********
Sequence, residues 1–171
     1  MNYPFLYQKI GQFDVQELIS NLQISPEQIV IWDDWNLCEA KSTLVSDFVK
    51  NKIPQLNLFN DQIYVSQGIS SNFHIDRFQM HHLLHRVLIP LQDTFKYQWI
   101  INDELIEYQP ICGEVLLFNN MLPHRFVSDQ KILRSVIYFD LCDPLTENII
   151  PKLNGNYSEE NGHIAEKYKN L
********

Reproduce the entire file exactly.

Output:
Sequence, residues 1–171
     1  MNYPFLYQKI GQFDVQELIS NLQISPEQIV IWDDWNLCEA KSTLVSDFVK
    51  NKIPQLNLFN DQIYVSQGIS SNFHIDRFQM HHLLHRVLIP LQDTFKYQWI
   101  INDELIEYQP ICGEVLLFNN MLPHRFVSDQ KILRSVIYFD LCDPLTENII
   151  PKLNGNYSEE NGHIAEKYKN L